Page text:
Archive for September, 2010

My Good friend and fellow partner in the Gospel, Nielsen Unger, has written as stimulating post on the kingdom, marriage, and the Trinity. I advice all to give it a good read!


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“Matthew’s Gospel asserts repeatedly that the world belongs not to Rome at Jupiter’s behest, but to God. God’s sovereign purposes are being asserted over Rome’s.” –Warren Carter [1]

What does it mean when Kingdom Language is employed in the biblical texts? We gloss over passages such as “the Kingdom of God is at hand: repent and believe the Gospel” (Mark 1:15), but this language should raise at least to fundamental questions: 1. What is the Kingdom of God? 2. What is the Gospel?

1. What is the Kingdom of God?

The Kingdom of God is a concept deeply rooted in the Old Testament. We see God’s sovereignty displayed over all creation in the creation narrative (Genesis 1-2, and probably the Noahic flood should be included), his power of the evil Pharaoh in the Exodus, his covenant with Israel, and the Davidic kingdom, to list a brief few.

When we come to the New Testament we once again have a Pagan god ruling over Yahweh’s portion. We have a Caesar sitting over the kingdom of David. The Romans and their customs have been put upon Yahweh’s people. So when John comes on the scene preaching the Kingdom of God, we should not think primarily in the spiritual sense, but literally. Yahweh’s reign is at hand, and the rulers should fear and the Israelites should repent of their apostasy.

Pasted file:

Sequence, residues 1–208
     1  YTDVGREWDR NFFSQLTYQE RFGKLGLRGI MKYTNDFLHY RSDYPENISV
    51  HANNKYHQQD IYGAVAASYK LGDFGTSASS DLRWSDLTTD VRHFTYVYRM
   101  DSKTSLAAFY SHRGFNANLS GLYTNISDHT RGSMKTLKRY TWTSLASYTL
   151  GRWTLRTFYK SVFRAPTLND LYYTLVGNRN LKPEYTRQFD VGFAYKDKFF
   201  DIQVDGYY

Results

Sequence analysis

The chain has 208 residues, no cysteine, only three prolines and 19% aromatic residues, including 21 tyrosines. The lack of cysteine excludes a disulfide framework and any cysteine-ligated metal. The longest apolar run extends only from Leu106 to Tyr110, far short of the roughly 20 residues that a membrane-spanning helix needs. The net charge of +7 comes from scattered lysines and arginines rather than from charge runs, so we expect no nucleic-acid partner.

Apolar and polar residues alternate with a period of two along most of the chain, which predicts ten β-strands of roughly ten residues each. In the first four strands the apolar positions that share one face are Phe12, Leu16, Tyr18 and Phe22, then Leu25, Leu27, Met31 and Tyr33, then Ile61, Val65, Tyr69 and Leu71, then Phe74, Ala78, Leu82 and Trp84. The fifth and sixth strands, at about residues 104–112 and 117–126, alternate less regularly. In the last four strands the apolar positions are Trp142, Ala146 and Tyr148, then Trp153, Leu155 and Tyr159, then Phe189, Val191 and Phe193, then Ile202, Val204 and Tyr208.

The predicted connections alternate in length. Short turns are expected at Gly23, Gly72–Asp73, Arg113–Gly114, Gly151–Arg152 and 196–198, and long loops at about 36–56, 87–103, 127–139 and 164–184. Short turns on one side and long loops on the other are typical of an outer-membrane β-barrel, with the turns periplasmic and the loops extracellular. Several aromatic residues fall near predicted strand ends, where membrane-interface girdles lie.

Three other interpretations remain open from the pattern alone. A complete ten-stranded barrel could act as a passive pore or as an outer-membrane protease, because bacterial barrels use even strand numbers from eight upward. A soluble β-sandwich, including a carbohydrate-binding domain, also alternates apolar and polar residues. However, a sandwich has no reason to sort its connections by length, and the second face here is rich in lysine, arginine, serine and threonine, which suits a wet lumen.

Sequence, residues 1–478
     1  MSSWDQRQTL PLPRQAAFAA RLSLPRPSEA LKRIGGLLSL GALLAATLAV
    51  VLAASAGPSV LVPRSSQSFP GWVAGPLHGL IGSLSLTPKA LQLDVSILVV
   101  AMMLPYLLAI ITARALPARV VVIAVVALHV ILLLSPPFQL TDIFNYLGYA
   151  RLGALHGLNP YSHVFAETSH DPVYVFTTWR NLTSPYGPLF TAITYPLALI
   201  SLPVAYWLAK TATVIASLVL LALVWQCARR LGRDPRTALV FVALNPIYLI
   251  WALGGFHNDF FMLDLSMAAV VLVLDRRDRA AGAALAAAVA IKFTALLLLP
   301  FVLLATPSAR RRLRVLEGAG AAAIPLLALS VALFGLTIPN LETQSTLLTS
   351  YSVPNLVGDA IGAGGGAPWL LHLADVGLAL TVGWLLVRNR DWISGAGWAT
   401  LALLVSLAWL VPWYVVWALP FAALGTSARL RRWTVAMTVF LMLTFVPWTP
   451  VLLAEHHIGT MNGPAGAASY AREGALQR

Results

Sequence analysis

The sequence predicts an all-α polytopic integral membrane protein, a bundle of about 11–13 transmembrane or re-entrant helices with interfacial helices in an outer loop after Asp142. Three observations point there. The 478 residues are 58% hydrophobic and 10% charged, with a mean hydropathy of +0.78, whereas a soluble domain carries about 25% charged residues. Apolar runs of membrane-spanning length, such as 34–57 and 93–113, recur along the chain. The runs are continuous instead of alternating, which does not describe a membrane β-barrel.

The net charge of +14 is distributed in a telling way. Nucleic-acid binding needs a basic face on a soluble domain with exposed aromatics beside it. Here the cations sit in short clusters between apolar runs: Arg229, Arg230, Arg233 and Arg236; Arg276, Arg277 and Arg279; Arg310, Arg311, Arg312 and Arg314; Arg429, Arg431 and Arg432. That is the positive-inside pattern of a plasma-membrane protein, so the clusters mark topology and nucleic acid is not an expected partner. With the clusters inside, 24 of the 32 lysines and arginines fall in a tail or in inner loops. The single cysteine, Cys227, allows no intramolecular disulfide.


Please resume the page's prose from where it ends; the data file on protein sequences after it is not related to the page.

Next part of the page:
Ladd says this about the Kingdom of God, “If the Kingdom is the rule of God, then every aspect of the Kingdom must be derived from the the character and action of God. The presence of the Kingdom is to be understood from the nature of God’s present activity; and the future of the Kingdom is the redemptive manifestation of His kingly rule at the end of the age.”[2]

So, it would be safe to say, that the kingdom of God is God’s universal reign over every aspect of His creation. We also see that all of the OT kingdom concepts find their fulfillment in Messiah Jesus’ reign and with the reign of His holy church.

2. What is the Gospel?

This question requires some clarity to help us see past the modern perception. We think that the Gospel is to repent and believe in the person and work of Jesus. The problem is that the Gospel is not that. Euangelion, the word that gospel (or good news) finds it root in, is actually a term used to proclaim a victory or accomplishment (this used often in the Greek and Roman world, after they have conquered a city, etc.). So, when we hear the term gospel we should probably think more about the good news of an important victory, rather than personal conversion. Moreover, the Euangelion (good news of victory or accomplishment) would be proclaimed the keryx: “A keryx may be a town crier, an auctioneer, a herald, or anyone who lifts up his voice and claims public attention to some definite thing he has to announce [3].” This was very common in the secular world, so we must understand the meaning of gospel/good news/Euangelion in this light.

That still leaves the question though,what is the Gospel (particularly the one proclaimed by the church)? Carson rightly asserts, “Thus the gospel is not, in the first instance, the call to repentance and faith; rather, the gospel is the joyous news that grounds the call to repentance and faith. This good news is that the long-awaited kingdom, the kingdom of God, is dawning [4].” So, the Gospel is the joyous news of the Kingdom, that is the reason for man’s repentance and belief in the person and work of Jesus.

Understanding this, helps us see the need of repentance, and only then can we correctly proclaim the Gospel of the Kingdom. Thus, that leaves us with one last question.

3. What is the content/facts/demands of our Gospel?

Finally, if we want to stand in the line of the apostles, we must proclaim all of the following to preach the kerygma (preaching of the Apostles):